I’ve learned that it works the same way with Charity Ball. There millions of impoverished kids out there who would love to have their own soccer ball, but will never get one because of where they live. I can spend my entire life intending to do something about it, but unless I act, nothing will happen. I’ve got to get beyond my intentions.

Charity Ball started a few years ago with a simple act of giving away a soccer ball to kids in Africa. It really wasn’t a big deal. It was kind of a small deal. Through the process I’ve learned that a small act of kindness is more powerful then the greatest intention. One small act of kindness can change the entire world – for a kid, a family a village, maybe even a country. Imagine what several small acts of kindness could do.

If you read this blog, chances are good you love the Beautiful Game and have intentions to share it with others. Cool! Let me challenge you to get beyond your intentions and do something about it.

Want to help us share the Beautiful Game? Here are 10 small things you can do:

1. Follow @charityballnews on Twitter
2. Donate a tweet or retweet to help spread the word
3. Put a Charity Ball logo on your website, blog or facebook page (download a logo)
4. Get 25 of your friends to donate $1 and buy a new ball for a kid
5. Download a Charity Ball flyer from the footer and post at your school, work or soccer complex
6. Make a phone call to your local soccer shop and ask them if they would be willing to help promote the project or donate new balls
7. Collect soda cans or bottles and donate the return money
8. Get a Charity Ball T-shirt or patch and represent
9. Start a Charity Ball team at your club, school or business
10. Shoot a Charity Ball promo vid with your team or friends on your smart phone and load it to YouTube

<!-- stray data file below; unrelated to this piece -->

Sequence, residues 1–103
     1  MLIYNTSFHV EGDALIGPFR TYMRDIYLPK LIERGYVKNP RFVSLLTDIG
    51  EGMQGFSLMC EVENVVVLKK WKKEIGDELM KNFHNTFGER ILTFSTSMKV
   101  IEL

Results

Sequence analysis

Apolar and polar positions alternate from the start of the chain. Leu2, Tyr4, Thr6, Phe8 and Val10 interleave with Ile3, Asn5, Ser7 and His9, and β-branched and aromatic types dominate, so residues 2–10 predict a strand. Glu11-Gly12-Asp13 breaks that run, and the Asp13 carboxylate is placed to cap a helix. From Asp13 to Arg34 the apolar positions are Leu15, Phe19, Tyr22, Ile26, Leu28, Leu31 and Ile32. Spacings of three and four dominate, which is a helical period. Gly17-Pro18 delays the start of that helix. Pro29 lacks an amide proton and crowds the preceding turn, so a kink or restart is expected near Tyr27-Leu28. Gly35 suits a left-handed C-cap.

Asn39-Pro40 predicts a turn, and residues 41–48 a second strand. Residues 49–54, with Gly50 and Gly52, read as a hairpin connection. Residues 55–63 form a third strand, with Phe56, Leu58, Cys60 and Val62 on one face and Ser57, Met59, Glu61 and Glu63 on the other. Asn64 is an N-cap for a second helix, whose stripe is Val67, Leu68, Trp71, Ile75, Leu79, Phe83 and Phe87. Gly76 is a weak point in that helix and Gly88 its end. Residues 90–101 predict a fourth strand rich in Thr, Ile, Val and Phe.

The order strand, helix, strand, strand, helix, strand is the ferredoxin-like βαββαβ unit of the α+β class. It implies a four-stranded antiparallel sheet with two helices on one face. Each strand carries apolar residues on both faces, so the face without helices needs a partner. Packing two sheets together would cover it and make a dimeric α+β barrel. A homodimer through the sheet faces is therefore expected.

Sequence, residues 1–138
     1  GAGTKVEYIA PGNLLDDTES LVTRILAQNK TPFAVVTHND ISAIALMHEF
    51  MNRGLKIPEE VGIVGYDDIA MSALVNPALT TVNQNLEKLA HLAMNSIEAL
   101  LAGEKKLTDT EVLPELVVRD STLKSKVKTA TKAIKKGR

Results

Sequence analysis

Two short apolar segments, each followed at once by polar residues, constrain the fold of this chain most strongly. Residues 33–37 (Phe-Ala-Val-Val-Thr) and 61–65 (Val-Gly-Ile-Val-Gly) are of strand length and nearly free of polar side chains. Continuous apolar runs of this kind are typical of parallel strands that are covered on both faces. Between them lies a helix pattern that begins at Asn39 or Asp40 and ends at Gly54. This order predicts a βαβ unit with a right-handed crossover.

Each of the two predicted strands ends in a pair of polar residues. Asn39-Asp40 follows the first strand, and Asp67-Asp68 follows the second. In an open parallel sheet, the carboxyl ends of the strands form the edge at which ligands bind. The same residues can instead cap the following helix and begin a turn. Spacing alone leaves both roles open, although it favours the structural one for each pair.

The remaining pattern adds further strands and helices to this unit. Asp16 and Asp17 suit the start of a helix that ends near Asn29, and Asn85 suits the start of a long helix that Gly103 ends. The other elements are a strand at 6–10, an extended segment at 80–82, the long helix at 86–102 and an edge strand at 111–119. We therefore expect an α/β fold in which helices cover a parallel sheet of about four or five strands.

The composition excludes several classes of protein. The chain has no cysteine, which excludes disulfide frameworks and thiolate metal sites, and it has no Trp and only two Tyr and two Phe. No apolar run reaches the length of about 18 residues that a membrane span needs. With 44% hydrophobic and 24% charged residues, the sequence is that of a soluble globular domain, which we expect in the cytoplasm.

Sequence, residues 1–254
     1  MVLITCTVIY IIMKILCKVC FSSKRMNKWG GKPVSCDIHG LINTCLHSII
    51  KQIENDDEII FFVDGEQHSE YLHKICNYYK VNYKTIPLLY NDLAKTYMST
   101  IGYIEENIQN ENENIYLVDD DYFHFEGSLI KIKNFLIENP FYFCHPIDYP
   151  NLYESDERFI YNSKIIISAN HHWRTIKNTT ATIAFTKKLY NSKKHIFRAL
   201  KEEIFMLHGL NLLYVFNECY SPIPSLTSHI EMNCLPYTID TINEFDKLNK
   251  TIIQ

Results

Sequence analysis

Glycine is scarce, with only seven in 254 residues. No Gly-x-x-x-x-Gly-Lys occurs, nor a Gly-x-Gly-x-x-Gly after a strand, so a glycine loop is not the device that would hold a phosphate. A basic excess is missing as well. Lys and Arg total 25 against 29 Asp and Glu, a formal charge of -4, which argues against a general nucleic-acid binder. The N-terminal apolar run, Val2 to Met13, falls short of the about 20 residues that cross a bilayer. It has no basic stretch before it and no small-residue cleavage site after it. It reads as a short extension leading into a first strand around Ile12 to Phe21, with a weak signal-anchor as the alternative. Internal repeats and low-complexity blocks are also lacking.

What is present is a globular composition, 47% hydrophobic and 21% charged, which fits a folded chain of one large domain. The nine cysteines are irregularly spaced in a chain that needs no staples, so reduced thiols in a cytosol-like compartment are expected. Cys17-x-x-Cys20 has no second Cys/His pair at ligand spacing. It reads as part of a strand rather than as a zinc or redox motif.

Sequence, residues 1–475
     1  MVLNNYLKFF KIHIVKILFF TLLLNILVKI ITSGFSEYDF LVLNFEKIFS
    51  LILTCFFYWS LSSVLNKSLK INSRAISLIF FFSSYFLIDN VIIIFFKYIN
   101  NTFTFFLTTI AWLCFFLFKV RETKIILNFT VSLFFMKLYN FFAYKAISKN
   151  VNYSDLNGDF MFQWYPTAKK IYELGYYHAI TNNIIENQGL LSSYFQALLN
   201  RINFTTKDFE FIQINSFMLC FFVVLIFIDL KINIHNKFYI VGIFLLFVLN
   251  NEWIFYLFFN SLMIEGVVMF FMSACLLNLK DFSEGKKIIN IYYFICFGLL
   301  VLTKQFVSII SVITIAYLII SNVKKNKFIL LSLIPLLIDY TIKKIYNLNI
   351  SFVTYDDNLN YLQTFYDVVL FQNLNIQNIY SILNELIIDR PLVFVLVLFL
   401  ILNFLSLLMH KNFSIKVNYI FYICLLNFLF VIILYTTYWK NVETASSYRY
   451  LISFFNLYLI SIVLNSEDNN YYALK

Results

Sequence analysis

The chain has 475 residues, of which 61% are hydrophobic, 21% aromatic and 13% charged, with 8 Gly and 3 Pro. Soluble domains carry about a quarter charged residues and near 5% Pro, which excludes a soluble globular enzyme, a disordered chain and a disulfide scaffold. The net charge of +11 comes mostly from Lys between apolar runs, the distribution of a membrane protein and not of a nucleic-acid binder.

Want to do something bigger like organize a tournament, become a corporate sponsor or donate massive amounts of money, drop me a note.

Thanks for caring.

2013 Charity Ball World Tour

The 2013 Charity Ball World Tour sets sail from the Port of San Diego this Wednesday, January 9.

The tour will take place over a 4-month period and 500 new, quality soccer balls will be hand delivered to kids in 10 different countries. Tom Bearer, a student at the University of Maine will be giving leadership to the the deliveries on the ground. Emily Wood and Jackie Faryniarz are also leveraging their semester at sea by representing Charity Ball in the effort. We anticipate some really cool stories and pictures coming our way over the next several weeks.Charity Ball World Tour 2013

Dates and countries are listed below. We will be publishing tour updates here at and via Twitter @charityballnews. Be sure stop by and catch the latest, the greatest and pictures of all the smiling faces.

A big thanks to: Soccer World, John Rivers and Co., Bounce Athletics, and the players at Canton Celtic (Canton, MI) for helping sponsor the tour. This is going to be amazing!

China – February 3
Vietnam – February 12
Singapore – February 20
Burma – February 25
India – March 6
Mauritius – March 18
South Africa – March 25
Ghana – April 8
Morocco – April 18

Charity Ball’s Top 12 of 2012

We’ve compiled a short list of our favorite stories and events that took place over 2012. Obviously they are subjective and up for debate. Here they are in ranking order. Drop us a tweet and let us know what you think @charityballnews

charity ball, david beckham

12. David Beckham Goes Out In Style

On December 1, “Becks” finished out his contract with the LA Galaxy by taking home the MLS Championship. 5 years later, The Beckham Experiment has proved to be a huge win for US Major League Soccer. We’ll see what happens next.

charity ball, tim howard

11. Tim Howard’s Keeper Goal

Four days into 2012, Tim Howard (while playing for Everton) scored his first professional goal. It was off a monster boot from the inside of his own 18-yard line. He joins the soccer history makers by being the 4th goalkeeper ever to score in the Barclay’s Premier League.

charity ball, spain soccer team

10. Spain’s World Hat Trick

After winning the 2008 Euro, the 2010 World Cup, The Spanish International Team earned themselves a world tourney hat trick by taking home the hardware at this year’s Euro 12. Nice job boys.

charity ball, bounce athletics

9. Bounce Athletics Gives 5% Of Profits To Charity Ball

Bounce Athletics, a custom soccer ball company located in Petoskey, Michigan decided to partner with Charity Ball by giving 5% of their total sales to help share the Beautiful Game. To date, several hundred Bounce Athletics soccer balls have been hand-delivered to kids in poverty-stricken communities around the world. Learn more